Photos by Chad Hipolito/The Canadian Press and words by Ian Bailey
Time is thinning the ranks of veterans marking Battle of the Atlantic ceremonies in Victoria, but one still present says the annual event will endure.
When Keith Hunter, a veteran of the Korean War, first began participating in the ceremonies about 20 years ago, there were 50 or 60 veterans from the Second World War and Korean conflict attending ceremonies to mark the 1939-1945 battle that saw more than 3,000 sailors and merchant seamen lose their lives in the Atlantic.
Now he says there are only about six such veterans attending.
They joined 180 Canadian Forces personnel, cadets and band members in a ceremony Sunday that included a march to the cenotaph at the B.C. legislature.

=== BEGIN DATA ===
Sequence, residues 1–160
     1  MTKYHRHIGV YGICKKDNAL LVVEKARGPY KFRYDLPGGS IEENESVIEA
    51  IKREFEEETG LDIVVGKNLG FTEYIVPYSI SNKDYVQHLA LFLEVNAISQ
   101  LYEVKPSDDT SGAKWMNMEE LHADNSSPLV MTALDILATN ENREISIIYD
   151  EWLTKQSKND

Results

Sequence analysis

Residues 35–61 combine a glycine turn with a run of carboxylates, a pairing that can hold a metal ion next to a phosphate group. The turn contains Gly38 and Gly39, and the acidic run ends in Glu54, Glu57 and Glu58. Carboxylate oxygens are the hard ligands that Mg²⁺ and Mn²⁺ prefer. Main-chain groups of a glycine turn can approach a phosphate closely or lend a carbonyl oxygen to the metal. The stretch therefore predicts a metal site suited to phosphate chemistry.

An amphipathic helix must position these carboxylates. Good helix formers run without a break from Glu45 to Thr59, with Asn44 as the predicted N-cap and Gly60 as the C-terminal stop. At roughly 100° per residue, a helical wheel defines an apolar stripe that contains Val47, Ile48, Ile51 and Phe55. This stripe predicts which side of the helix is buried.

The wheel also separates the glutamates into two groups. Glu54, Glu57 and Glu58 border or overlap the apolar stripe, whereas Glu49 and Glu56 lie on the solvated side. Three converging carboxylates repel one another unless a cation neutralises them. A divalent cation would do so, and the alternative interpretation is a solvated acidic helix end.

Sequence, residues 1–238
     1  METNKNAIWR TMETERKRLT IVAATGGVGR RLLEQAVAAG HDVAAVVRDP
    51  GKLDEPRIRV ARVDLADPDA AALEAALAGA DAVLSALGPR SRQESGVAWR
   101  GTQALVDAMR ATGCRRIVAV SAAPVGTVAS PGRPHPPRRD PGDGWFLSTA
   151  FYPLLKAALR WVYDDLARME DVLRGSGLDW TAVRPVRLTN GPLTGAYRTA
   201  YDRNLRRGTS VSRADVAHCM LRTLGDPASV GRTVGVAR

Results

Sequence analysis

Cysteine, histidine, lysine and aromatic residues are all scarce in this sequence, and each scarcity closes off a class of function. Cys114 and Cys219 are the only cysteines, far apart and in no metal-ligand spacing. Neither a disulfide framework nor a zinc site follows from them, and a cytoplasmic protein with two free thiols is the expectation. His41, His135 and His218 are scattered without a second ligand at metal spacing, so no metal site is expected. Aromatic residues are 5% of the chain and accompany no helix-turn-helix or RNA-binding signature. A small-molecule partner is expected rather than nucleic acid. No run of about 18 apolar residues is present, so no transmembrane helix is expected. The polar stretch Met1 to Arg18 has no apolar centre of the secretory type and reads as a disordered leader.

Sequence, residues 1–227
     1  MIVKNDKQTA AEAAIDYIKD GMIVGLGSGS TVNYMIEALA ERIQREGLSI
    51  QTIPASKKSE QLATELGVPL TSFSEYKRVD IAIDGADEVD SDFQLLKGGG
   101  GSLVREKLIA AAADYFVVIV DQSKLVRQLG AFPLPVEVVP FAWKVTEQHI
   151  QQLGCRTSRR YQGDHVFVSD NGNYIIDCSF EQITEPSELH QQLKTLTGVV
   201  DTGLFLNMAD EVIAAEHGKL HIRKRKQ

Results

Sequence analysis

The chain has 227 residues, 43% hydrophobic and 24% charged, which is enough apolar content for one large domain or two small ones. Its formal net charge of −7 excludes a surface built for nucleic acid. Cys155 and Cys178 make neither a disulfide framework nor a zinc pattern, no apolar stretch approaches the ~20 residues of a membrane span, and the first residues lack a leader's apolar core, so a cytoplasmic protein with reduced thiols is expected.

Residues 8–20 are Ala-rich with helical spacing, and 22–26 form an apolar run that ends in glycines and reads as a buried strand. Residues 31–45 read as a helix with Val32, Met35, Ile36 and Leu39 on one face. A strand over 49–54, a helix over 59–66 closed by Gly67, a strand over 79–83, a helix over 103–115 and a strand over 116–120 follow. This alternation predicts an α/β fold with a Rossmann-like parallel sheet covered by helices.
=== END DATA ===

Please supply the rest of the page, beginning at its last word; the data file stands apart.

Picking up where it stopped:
“The old guys that used to march? They’re just getting fewer and fewer on the ground, really,” said Mr. Hunter, a member-at-large in the Chiefs and Petty Officers Association.
Petty Officer 1st Class Graeme LeBlanc instructs Royal Canadian Navy personnel before the start of the parade.
Mr. Hunter said the ceremony will change with, for example, sea cadets taking a larger role. “We’re going to have to change the veterans’ contribution – just have them go down there and sit in chairs – because they can’t march any more.”
Mr. Hunter understands the problem well. “I’m 80. I can’t march. I have to have a wheelchair or a walker,” he said.
Still, he said the ceremony went well in Victoria. “You have to substitute who’s available,” he said. “As far as I am concerned, it should go on forever because the people who died in the Battle of the Atlantic are not here to experience this marching, but it’s a credit to them that this thing even exists.”
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